Cucumber Mussel Salad

I should work in the suburbs more, both for my mental health and the healths of my pantry, fridge and finances. I was in Beaverton (The Beav) last night, and in that lovely Portland ‘burb they have got a WinCo Foods. If you didn’t know, WinCo is a clean, no-frills, employee-owned 24-hour discount grocery superstore, and I love it.

After picking my way through the vegetables, then scooping and dumping my way through the bulk grains, nuts and spices, I stumbled on quite the bargain. Hidden on a shelf beneath the honey spigots were big ol’ jugs of Lee Kum Kee chili oil for a scant $1.98, and I snagged one.

Thee O.G. Lee Kum Kee

When I arrived home I discovered that it was to expire the next day. Wow, they don’t call it WinCo for nothing.

I’m not a complainer, so I still have it, along with plans to cook a lot of somewhat piquant Asian food in the coming days. My immediate plan, however, was a sweet Szechuan-style cucumber salad, plus a mussel and vegetable stir fry for breakfast the next morning.

I used up a lot of my precious time on other house things, so I skipped the stir fry and just made a cucumber and vegetable salad with mussels. Said mussels were another wonderful find at the Beaverton WinCo last night. The mussel meat is shelled, cooked, and frozen, ready to go, and it was $4 for a one-pound bag.

That’s one of the benefits of living near an ocean: People near oceans have a taste for seafood, as they should, and so the stores are pretty well-stocked with quality sea options at affordable prices. It’s great for me, because sea animals are mostly the only animals I eat these days.

Anyway, this happened:

Cucumber Mussel Salad

Cucumber Mussel Salad

This salad is light, fresh, sweet, spicy and a tiny bit tart. It would be a good appetizer in a prolonged seafood lunch or dinner lineup, but I just had a big bowl as a meal. It’s currently winter, but many would consider this a spring or summer dish. That’s fine for them.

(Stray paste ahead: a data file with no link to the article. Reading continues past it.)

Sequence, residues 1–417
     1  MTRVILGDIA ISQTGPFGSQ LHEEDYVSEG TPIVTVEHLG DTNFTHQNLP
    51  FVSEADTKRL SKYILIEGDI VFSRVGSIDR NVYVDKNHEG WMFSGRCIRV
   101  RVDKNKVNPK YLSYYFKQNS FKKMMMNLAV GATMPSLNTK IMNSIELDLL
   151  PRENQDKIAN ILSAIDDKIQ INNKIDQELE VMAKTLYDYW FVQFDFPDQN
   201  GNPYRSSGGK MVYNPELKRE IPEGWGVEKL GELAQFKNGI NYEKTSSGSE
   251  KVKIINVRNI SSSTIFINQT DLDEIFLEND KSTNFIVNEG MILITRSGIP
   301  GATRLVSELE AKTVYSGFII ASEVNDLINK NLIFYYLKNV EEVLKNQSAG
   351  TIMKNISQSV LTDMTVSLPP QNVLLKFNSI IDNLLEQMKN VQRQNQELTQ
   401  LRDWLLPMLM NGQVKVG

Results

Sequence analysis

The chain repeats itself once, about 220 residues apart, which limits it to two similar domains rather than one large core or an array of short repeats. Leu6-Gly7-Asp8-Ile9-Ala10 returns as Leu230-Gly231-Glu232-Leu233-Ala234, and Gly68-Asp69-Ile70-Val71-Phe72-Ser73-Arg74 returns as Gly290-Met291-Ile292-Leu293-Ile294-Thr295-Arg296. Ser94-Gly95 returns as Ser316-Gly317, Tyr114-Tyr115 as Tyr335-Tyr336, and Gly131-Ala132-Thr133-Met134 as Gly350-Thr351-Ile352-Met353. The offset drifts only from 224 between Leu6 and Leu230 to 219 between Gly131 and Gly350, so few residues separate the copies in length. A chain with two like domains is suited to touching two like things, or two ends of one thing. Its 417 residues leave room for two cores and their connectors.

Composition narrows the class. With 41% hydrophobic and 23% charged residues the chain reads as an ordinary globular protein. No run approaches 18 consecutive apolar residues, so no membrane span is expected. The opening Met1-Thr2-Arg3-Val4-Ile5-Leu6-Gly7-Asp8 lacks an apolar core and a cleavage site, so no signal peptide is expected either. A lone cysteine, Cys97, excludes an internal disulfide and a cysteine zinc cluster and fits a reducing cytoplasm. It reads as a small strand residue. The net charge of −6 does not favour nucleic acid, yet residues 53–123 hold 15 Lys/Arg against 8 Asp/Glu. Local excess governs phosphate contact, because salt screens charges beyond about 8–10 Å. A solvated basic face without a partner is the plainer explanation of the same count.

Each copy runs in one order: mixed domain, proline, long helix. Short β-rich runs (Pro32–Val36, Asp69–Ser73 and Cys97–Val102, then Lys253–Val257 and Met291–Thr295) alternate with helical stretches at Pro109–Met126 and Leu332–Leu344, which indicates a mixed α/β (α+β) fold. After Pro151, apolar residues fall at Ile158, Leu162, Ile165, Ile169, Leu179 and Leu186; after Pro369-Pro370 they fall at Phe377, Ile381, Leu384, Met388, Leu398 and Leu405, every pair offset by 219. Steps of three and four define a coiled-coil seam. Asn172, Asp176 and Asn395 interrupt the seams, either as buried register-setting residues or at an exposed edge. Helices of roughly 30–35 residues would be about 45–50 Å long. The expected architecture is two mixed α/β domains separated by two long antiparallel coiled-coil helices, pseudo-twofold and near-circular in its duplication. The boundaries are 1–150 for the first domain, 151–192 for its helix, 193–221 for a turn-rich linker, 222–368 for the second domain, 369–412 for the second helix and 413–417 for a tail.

1 cup diced cucumber

1 cup cooked mussel meat

1/4 cup coleslaw mix

1 li’l handful chopped scallion

1 tbsp chopped Fresno pepper

1 tbsp chopped garlic

1 tbsp chopped ginger

1 tbsp brown sugar

2 tbsp soy sauce

2 tbsp rice wine vinegar

2 tbsp chile oil


Throw it all in a bowl, mix, cover, and put it in the fridge for an hour or more. After that it’s ready. If you’d rather not have it so spicy, substitute sesame oil for the chile oil. Some chopped onion and/or cilantro would be nice in this too.

The Seedy Purple Horse

From the Department of Improvised Smoothies: I improvised this smoothie yesterday, and then later experienced an effortless mental shift to an interesting blend of steady calm, playful joy and abundant energy. I suspect that the recent regimen of daily sunflower seeds has a little bit to do with that. Or, maybe the heightened mood is a psychsomatic effect, since I know that sunflower seeds help the production of seratonin and dopamine, but my mood has been getting better and better since incorporating them into my nutrition regimen again.

Wait, you didn’t know that?

Here’s the meat of the findings from a 2022 study published at the National Library of Medicine:

“Sunflower seeds provide tryptophan-rich proteins with the potential to protect against depression. Tryptophan is a precursor of serotonin and a substrate for the production of indole derivatives by gut microbiota.”

FromThe Antidepressant Effect of Deoiled Sunflower Seeds on Chronic Unpredictable Mild Stress in Mice Through Regulation of Microbiota–Gut–Brain Axis
The Seedy Purple Horse

Seedy Purple Horse

1/2 raw red beet
4 tbsp honey
3 tbsp raw sunflower seeds
1/4 cup blueberries
handful baby spinach, chard and kale
1/4 cup raw, soaked horse lentils
Water as needed or desired

Blend all ingredients until smooth in a drink blender. With each sip, swish the drink around in your mouth before swallowing so that it makes contact with saliva. This is crucial for the proper digestion of any food, but especially important when consuming blended drinks that contain a lot of calories.